Rotel have revived Michi, an aspirational sub brand from back in the day. They have launched some rather good looking amplifiers with OLED displays including power output on the mono and stereo power amps. The P5 preamplifier has digital and analogue inputs plus Bluetooth and will sell for between $3,500 and $4,000. The S5 stereo power amp delivers 500W per channel for $6,500 and the M8 offers 800W for $6,500 per channel.



Dolby Atmos could be a new force in high end if PMC’s demonstration at the show is anything to go by. They set up a room with 19.2 channels including Wafers for the height channels and three Fenestria at the front and played hot off the presses Atmos mixes of Kind of Blueand Sketches of Spainthat sounded extraordinary to say the least. It was so impressive that we plan to write more about this in a future feature, but should you get the chance to hear it cancel everything and go. 


Melco’s Alan Ainslie talked to us about SongKong a couple of years back, he’s a classical music lover and has a bee in his bonnet about the metadata problems that music which doesn’t follow the standard artist/album/tracks protocol comes up  against in digital libraries. SongKong software is designed to answer this challenge and sort out your library such that you can find any piece of music by a given composer or performer or by virtually any other tag that you ask it to assign. Melco will be incorporating SongKong software into its next firmware update so that you can get your metadata sorted at the press of a few buttons on the front panel. They are also changing the server software to MinimServer which aids and abets the process of finding and playing back music. We will be investigating both of these when the update appears in August.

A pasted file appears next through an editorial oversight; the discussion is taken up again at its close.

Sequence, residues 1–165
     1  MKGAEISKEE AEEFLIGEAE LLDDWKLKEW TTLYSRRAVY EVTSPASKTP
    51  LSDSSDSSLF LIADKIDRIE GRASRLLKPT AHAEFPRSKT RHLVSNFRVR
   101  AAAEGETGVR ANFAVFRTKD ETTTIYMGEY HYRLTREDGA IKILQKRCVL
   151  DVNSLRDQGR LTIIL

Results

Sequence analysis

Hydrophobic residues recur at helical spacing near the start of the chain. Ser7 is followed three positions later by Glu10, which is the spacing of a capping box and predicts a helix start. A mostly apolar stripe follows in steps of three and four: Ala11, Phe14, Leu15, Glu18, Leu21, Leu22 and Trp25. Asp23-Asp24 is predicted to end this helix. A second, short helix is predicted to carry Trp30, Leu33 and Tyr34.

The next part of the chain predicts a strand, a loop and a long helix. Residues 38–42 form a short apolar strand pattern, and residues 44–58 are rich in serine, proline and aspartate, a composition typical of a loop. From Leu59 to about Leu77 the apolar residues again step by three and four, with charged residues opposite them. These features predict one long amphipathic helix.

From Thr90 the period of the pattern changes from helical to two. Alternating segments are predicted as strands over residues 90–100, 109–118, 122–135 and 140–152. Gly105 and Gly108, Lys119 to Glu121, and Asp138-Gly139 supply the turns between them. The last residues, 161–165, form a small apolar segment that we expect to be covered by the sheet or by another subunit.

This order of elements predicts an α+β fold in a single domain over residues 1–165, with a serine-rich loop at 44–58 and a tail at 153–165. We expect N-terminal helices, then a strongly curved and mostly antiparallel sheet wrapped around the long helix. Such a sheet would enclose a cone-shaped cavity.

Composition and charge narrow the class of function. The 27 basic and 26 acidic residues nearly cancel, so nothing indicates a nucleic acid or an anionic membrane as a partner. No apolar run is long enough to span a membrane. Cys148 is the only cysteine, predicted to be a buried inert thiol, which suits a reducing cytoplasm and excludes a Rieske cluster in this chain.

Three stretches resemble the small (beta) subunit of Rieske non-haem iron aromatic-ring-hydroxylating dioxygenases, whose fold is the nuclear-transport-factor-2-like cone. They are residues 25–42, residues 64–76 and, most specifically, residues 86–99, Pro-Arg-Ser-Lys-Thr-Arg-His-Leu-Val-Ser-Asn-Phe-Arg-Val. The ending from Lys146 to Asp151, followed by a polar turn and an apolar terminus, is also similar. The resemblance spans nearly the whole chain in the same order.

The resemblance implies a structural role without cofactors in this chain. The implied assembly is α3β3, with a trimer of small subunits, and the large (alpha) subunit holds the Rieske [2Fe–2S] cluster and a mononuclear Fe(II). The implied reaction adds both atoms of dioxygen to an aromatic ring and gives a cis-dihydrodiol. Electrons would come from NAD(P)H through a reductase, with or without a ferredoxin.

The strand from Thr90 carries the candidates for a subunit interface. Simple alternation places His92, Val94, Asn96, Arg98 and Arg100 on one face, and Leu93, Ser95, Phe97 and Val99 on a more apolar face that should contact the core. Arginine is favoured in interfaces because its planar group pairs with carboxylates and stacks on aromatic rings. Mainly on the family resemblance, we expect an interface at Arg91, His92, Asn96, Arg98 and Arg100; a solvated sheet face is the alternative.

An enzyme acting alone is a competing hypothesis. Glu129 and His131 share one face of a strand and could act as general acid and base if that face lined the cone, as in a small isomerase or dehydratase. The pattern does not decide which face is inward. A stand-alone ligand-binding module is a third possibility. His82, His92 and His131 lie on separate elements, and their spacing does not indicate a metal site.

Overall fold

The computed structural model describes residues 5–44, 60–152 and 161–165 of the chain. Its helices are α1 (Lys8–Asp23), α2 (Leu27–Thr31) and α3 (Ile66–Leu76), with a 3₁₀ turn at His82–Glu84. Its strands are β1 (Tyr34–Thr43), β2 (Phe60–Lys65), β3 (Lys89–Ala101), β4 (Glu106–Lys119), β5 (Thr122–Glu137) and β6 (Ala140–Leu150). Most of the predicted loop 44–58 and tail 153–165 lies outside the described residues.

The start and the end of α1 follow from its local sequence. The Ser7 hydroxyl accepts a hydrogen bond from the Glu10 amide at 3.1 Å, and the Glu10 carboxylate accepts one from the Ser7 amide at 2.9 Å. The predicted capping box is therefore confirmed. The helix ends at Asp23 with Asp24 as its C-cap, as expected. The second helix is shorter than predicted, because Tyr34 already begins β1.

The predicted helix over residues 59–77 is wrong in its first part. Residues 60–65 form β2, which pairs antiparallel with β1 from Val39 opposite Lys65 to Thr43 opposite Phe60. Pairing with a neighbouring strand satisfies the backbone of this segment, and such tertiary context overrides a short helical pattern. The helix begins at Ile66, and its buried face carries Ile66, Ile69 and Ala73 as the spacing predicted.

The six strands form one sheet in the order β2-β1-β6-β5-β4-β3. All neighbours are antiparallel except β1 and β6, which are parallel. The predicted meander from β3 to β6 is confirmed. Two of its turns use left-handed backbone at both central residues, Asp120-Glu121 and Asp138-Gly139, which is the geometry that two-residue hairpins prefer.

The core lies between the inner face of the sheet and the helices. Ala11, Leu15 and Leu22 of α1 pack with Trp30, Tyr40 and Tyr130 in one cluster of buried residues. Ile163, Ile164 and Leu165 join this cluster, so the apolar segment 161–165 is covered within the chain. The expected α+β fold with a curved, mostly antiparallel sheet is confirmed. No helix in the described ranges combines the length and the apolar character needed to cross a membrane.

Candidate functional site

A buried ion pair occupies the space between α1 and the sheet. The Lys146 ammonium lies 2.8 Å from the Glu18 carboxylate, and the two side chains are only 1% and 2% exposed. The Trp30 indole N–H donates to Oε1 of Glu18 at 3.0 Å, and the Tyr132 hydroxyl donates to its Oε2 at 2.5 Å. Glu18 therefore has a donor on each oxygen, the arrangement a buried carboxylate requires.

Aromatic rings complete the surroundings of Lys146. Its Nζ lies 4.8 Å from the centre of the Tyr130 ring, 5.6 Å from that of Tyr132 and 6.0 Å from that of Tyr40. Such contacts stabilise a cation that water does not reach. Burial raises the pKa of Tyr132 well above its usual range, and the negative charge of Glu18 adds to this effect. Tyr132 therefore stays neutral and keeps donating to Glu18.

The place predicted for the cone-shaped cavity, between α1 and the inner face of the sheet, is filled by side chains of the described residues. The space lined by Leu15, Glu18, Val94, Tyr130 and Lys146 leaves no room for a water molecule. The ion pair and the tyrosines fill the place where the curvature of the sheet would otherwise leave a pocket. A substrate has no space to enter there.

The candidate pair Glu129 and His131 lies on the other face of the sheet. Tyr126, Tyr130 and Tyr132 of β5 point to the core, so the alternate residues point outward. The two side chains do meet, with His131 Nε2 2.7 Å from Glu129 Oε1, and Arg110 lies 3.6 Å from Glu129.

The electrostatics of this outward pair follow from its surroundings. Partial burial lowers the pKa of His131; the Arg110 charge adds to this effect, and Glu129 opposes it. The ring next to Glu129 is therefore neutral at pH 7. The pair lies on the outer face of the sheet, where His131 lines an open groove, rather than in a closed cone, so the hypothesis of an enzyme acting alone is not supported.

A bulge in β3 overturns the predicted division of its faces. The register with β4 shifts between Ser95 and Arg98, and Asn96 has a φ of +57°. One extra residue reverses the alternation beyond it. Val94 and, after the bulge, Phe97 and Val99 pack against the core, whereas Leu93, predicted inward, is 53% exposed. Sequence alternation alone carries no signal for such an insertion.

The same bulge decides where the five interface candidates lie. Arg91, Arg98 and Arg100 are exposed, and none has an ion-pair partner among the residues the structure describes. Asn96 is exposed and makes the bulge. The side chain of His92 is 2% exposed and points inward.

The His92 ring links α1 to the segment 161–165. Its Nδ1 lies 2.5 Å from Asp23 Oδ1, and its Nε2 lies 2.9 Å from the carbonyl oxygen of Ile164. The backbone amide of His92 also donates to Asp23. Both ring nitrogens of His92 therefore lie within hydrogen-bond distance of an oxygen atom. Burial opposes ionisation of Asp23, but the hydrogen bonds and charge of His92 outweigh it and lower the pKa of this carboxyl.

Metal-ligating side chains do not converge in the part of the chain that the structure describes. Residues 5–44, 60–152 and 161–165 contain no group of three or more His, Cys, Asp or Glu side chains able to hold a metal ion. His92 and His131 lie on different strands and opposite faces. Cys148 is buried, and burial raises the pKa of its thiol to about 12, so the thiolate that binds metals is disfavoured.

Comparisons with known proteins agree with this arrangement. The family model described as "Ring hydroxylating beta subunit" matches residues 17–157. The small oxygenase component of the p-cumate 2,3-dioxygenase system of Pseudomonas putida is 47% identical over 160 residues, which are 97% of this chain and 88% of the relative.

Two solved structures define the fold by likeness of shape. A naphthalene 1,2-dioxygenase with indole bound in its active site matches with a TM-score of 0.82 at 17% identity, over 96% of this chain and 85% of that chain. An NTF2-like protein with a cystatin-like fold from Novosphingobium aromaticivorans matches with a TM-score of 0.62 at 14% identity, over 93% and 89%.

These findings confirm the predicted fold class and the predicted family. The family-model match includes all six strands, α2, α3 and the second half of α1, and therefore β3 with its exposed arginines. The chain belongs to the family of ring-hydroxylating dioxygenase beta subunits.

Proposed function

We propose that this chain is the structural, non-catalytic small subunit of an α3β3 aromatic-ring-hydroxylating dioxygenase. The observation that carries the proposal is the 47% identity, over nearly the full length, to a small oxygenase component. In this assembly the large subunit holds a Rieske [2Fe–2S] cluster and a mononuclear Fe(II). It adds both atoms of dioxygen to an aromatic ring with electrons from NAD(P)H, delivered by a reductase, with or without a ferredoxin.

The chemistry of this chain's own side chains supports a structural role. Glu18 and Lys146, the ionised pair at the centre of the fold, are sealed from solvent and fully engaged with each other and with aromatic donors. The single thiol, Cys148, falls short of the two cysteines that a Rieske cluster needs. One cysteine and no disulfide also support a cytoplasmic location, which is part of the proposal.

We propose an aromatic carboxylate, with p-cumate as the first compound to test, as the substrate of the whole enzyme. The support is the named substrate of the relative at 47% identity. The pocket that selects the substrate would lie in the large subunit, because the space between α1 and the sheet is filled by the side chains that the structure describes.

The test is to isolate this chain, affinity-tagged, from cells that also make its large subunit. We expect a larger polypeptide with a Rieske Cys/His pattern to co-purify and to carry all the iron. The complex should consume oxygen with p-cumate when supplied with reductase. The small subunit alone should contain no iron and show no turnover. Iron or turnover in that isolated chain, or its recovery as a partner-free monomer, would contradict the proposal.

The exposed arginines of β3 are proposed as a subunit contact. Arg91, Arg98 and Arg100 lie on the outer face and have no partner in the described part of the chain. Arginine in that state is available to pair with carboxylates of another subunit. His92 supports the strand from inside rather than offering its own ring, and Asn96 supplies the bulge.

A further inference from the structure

Kondo (Audio Note Japan) previewed a more conventional looking tube power amplifier called Melius, this has a solid state power supply with an EL34 push-pull output stage and delivers 32W channel using a new generation of capacitors said to be very close to the best they make. Price will be in the region of $38,000. They also showed the M7 Heritage which is a variation on one of their best loved preamplifier but with a bigger power supply and onboard phono stage, it has two phono inputs and balanced and SE inputs, no price has been confirmed.



I managed to drag Todd Eichenbaum away from demonstration duties for long enough to tell me about the Mark Levinson No.5101 SACD player/streamer launched at High End. An entry level digital source for ML the 5101 retails for $5,500 and does most things that you could ask; wired/wireless streaming using the Arcam Music Live app (they’re in the same group), digital inputs and a slot loading drive with suspension. There are also two new integrated amplifiers in the line, the 5802 ($7,000) has only digital inputs but is a class AB design with 125W of power with an XMOS USB input and MQA capability. The 5805 ($8,500) is the same amplifier with the addition of analogue inputs.


Volumio is a young Italian company with a community based ethos. It started out making web based streaming software but has started building hardware, the Primo streamer with Asus core and ESS 9038 Sabre DAC is available in community (€479) and hi-fi (€589) editions, that latter includes a lifetime software subscription. They showed a prototype Lineo power supply and Motivo network player with built in display, this is a compact device with analogue and USB outputs that runs a 32/768 capable DAC and has an eight inch touch screen, price is expected to be around €1,550.

Part 3 of our High End coverage


Munich, Germany